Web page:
Features

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Druce Farm villa: luxury living in Roman Dorset

A fine example of a Roman villa with well-preserved mosaics has been discovered in Dorset and excavated by a group of amateur archaeologists. Lilian Ladle described the preliminary results to Andrew Selkirk. Is it possible to do an ‘amateur’ dig these days? At Druce Farm in Dorset, Lilian Ladle has been excavating a rather splendid […]

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South Africa: the art of a nation

The latest exhibition at the British Museum offers an overview of South African art from manuports to Mandela and beyond. Lucia Marchini finds out more. Between 1948 and 1994, when the ruling National Party was enforcing apartheid legislation, the official version of South African history portrayed the country as a terra nullius before European settlement […]

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Opus anglicanum

A selection of the most luxurious of English embroideries, much desired by the rich and powerful of medieval Europe, have been brought together for a new exhibition at the V&A. Lucia Marchini takes a look. The Latin term opus anglicanum has been used in English to describe grand embroideries since the 13th century, and it gives much […]

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The cist on Whitehorse Hill

Inside an Early Bronze Age burial Scores of prehistoric cists on Dartmoor were opened by antiquarian investigators in the 19th century. On occasion, their curiosity was rewarded with a flint tool or, if they were very lucky, a pot. More often than not their endeavours were met with an empty cavity. When an eroding cist […]

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Great Ryburgh: A remarkable Anglo-Saxon cemetery revealed

Archaeological work beside the River Wensum in Norfolk has revealed more than 80 rare Middle Saxon log coffins and plank-lined graves, preserved by their waterlogged environment – the first time that such coffins have been found in these numbers and such good condition in Britain. What can the unusual finds tell us about an early […]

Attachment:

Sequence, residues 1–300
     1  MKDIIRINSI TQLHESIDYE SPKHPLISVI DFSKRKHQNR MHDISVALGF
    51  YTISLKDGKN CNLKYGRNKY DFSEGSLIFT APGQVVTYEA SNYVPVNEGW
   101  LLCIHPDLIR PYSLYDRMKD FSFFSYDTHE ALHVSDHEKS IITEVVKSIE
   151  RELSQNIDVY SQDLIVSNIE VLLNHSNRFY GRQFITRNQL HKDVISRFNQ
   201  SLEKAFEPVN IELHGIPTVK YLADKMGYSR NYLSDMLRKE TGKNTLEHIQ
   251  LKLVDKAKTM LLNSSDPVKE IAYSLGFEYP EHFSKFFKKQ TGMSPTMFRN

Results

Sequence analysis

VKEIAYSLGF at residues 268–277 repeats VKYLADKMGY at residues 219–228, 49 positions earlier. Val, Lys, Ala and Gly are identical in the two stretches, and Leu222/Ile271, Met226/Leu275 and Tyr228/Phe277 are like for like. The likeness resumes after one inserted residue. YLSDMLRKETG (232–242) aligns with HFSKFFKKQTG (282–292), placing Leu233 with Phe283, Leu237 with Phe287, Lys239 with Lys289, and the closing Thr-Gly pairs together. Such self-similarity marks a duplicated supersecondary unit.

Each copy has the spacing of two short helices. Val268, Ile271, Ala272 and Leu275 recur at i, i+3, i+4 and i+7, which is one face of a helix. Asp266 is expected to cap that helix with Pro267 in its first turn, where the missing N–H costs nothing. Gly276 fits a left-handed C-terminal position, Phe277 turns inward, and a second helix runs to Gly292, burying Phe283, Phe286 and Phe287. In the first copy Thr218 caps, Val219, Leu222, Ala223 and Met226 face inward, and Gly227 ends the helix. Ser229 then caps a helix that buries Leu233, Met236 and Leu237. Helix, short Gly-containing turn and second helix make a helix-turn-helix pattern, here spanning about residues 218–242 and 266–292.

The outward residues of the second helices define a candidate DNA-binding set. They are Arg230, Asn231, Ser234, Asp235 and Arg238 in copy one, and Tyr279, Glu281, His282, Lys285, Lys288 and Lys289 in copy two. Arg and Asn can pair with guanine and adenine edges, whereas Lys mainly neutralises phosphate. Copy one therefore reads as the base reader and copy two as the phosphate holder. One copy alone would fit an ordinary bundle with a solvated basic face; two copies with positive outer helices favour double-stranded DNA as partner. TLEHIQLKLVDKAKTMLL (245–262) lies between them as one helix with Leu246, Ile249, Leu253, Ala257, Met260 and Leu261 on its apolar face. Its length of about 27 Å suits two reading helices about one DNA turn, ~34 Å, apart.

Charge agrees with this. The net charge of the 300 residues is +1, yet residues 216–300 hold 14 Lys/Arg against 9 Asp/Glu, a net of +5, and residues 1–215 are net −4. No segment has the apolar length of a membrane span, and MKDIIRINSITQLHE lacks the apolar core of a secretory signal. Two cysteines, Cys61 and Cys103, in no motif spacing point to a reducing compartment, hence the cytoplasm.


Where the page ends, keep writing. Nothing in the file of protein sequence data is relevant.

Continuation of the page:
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Rothwell charnel chapel: the nameless dead

Exploring the Rothwell Charnel Chapel Project Why were bones placed in charnel chapels, and just how common was this practice in medieval England? Work at Rothwell, Northamptonshire, is shining remarkable new light on the significance of these ossuaries. Elizabeth Craig-Atkins, Jennifer Crangle, and Dawn Hadley from the University of Sheffield explain the domain of the […]

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The Mary Rose revisited

The Mary Rose museum at Portsmouth Historic Dockyard was reopened 471 years to the day since the sinking of Henry VIII’s flagship – for the first time giving the public a clear view of her hull. Lucia Marchini went along to find out what else is new. When the new Mary Rose museum first opened […]

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Rethinking Durrington Walls: a long-lost monument revealed

Durrington Walls, two miles from Stonehenge, is named after the Neolithic henge that calls the location home. But with ongoing research revealing a massive and previously unknown monument hidden beneath its banks, the site’s history is set to be rewritten. Carly Hilts spoke to Vince Gaffney, Mike Parker Pearson, and Nick Snashall to find out […]

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Because I’m worth it: Apethorpe preserved

Very few people had heard of Apethorpe in 2004 when the government used a compulsory purchase order to take the Northamptonshire building into the care of the state. Two decades and several million pounds later, the house has been sold to new owners who will complete the restoration and open it to the public. Chris […]

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Glastonbury Abbey: the archaeological story

Excavators were repeatedly drawn to Glastonbury Abbey during the 20th century, but the fruits of their labours rarely made it into print. Roberta Gilchrist is spearheading a major project to separate archaeological fact from the rich mythology the abbey attracts.   The site of Glastonbury Abbey in Somerset is inscribed with legends that are at […]